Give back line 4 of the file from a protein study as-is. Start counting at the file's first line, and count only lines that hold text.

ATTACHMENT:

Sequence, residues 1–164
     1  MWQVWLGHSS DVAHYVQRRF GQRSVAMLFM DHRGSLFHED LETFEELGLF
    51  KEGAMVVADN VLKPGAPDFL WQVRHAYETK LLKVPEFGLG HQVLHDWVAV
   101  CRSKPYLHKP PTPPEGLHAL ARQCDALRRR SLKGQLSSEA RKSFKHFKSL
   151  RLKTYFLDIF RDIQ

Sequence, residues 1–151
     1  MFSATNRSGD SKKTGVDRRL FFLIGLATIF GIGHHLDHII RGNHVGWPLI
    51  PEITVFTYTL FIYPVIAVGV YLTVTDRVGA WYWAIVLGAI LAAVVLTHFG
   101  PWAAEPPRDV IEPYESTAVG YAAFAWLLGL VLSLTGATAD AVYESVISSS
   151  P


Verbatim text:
   101  CRSKPYLHKP PTPPEGLHAL ARQCDALRRR SLKGQLSSEA RKSFKHFKSL